The cast of Humans.
Image: AMC

Humans, a collaboration between AMC and the British Channel 4, is back for its third season, conveniently airing a few nights after that other show about robots who gain sentience. But while Westworld is exploring what happens when the bots in Farmville that can be murdered and sexed gain sentience and partake in their own murdering and sexing, Humans is a quieter and more linear affair. With a much bigger body count.

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Season two of the show, about a world where robots serve the same type of purpose as appliances like your TV or phone, ended with every single robot on the planet gaining sentience at the exact same moment. In last night’s season three premiere, we learned that that didn’t work out well for the humans. Over a hundred thousand people died in a single day due to robot sentience.

Some of these deaths were from accidents, but others were from angry bots. Now the human race, as a whole, really hates the synths (shorthand for synthetics), and forces them to live in abandoned factories fashioned as communes, where their access to life-sustaining electricity is limited by the government.

The synths are slowing dying off from a lack of resources, which is awful. They’re also having to deal with the new line of orange-eyed synths that have been patched so they cannot gain sentience. And, because it’s easy to tell the conscious synths from the patched ones by their eyes (green and orange, respectively), the conscious synth get to deal with hate crimes too. Bombings. Lynchings. Nasty language and general vitriol directed towards them and humans that ally with them. It’s a bleak existence if you’re a synth.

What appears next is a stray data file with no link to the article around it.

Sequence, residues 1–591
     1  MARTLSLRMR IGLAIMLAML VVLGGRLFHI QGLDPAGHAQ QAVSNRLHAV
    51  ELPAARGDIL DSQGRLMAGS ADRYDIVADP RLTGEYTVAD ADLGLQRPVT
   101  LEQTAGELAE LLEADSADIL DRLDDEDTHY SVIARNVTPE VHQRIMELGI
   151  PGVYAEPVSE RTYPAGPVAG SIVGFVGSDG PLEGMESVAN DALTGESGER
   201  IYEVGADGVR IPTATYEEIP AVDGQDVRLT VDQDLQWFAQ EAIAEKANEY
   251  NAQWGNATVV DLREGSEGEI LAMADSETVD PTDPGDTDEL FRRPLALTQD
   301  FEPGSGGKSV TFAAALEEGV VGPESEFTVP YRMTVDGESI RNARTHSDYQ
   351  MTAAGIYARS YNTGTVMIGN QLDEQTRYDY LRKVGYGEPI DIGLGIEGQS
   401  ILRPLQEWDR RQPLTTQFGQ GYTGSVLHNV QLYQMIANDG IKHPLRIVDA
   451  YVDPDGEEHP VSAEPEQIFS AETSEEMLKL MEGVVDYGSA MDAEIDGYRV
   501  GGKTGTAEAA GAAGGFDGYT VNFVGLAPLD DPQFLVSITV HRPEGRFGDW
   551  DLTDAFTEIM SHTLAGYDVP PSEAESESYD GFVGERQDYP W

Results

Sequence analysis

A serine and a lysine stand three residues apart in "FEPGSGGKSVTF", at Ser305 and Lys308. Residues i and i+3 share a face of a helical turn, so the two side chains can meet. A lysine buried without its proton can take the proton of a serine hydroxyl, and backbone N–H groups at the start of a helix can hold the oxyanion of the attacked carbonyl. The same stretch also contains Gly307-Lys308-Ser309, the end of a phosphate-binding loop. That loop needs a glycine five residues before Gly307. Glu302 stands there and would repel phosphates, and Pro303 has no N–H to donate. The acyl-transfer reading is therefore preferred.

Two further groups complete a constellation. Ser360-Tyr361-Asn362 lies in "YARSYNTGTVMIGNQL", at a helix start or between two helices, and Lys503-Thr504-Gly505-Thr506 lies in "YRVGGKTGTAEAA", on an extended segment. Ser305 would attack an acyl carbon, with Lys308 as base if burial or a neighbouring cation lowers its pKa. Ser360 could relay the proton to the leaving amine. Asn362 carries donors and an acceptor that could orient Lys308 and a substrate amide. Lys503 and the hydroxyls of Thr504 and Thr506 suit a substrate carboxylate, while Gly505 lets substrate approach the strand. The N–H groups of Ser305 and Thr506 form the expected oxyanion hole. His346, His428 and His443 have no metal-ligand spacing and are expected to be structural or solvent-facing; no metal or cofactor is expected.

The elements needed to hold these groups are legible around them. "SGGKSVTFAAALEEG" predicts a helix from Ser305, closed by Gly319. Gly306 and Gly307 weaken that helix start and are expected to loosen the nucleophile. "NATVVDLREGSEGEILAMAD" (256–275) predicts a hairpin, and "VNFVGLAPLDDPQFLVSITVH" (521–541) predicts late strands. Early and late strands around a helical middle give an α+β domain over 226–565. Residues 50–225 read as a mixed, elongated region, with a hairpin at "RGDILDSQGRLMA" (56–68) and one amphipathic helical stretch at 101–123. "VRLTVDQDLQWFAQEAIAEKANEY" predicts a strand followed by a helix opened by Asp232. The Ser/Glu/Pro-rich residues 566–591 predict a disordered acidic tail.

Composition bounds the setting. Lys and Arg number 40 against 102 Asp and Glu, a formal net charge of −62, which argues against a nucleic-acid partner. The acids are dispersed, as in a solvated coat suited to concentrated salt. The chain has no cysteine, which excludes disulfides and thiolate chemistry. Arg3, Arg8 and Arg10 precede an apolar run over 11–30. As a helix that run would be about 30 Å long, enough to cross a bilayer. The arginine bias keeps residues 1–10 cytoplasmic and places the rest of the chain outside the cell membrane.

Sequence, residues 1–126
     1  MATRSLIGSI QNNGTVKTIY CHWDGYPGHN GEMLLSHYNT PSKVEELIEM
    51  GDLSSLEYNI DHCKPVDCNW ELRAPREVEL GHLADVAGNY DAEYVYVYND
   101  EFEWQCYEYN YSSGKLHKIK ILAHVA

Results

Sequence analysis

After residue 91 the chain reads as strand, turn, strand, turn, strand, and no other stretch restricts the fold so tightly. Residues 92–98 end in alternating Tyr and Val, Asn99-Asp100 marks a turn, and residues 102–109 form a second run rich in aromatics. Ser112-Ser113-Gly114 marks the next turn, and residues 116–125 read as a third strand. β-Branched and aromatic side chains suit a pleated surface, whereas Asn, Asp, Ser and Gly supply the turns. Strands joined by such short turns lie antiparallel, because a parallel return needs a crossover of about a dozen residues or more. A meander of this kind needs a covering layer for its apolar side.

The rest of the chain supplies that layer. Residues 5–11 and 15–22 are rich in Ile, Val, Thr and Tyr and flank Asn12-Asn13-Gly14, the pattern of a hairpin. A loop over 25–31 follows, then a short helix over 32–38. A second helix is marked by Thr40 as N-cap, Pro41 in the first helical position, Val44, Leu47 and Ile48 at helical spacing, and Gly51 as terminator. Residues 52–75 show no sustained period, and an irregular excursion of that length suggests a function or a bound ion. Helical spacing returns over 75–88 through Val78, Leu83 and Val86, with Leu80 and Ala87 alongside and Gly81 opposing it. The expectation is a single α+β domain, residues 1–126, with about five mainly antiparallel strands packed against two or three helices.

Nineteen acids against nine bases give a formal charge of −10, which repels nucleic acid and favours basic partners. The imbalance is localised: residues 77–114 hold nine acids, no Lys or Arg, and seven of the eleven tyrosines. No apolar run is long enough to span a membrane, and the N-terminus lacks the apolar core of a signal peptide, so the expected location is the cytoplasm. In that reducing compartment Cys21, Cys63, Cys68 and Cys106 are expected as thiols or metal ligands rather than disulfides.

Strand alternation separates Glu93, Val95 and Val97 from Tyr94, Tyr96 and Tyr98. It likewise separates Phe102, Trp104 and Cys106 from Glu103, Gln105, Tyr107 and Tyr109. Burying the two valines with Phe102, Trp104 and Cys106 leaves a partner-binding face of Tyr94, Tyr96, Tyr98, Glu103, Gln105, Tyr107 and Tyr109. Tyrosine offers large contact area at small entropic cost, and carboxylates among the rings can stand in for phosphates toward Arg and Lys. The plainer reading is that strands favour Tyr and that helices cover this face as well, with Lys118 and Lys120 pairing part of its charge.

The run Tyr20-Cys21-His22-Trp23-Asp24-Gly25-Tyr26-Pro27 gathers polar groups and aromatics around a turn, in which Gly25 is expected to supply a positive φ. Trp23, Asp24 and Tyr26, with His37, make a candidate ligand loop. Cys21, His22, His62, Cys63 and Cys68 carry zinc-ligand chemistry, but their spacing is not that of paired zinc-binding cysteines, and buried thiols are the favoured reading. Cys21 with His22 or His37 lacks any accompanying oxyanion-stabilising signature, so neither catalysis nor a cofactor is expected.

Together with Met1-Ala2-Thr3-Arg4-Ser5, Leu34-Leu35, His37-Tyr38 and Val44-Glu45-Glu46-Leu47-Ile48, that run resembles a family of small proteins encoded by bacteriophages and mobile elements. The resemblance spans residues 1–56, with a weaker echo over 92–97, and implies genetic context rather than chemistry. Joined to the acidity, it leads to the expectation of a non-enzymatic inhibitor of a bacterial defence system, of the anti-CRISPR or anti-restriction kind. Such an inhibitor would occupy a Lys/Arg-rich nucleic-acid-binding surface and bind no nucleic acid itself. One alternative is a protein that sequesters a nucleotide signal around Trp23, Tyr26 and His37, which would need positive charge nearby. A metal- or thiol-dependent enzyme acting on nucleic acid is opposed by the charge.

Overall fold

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Thankfully Mia, one of the oldest conscious synths, and Laura Hawkins, the synths’ most visible human ally, continue to anchor the show, creating a friendship rooted in their identities as mothers. While the rest of the synths ponder how violent their protests should be, these two women are attempting to take a measured approach, seeing the division between synths and humans as a misunderstanding wrought by bias, and not as a fundamental difference where one must supplant the other.

But they’re facing an uphill battle in the season premiere. Mia’s daughter Niska is a victim of a bombing on a synth friendly bar, and has left her human girlfriend to seek vengeance—something Mia hopes to dissuade her from. Meanwhile, Laura is getting crank calls from humans and pondering an offer to join a British government committee convened to “deal with the synth problem.” Laura naturally wants to avoid the committee because it’s entirely anti-synth, but she can’t ignore the fact that if she skips it the synths will have no voice in their future, and will continue to be powerless.

This brewing conflict between the two forms of consciousness on Earth seems to be central to the season, and a great reminder that maybe we should all be a little nicer to our phones.

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Humans airs Tuesday nights on AMC.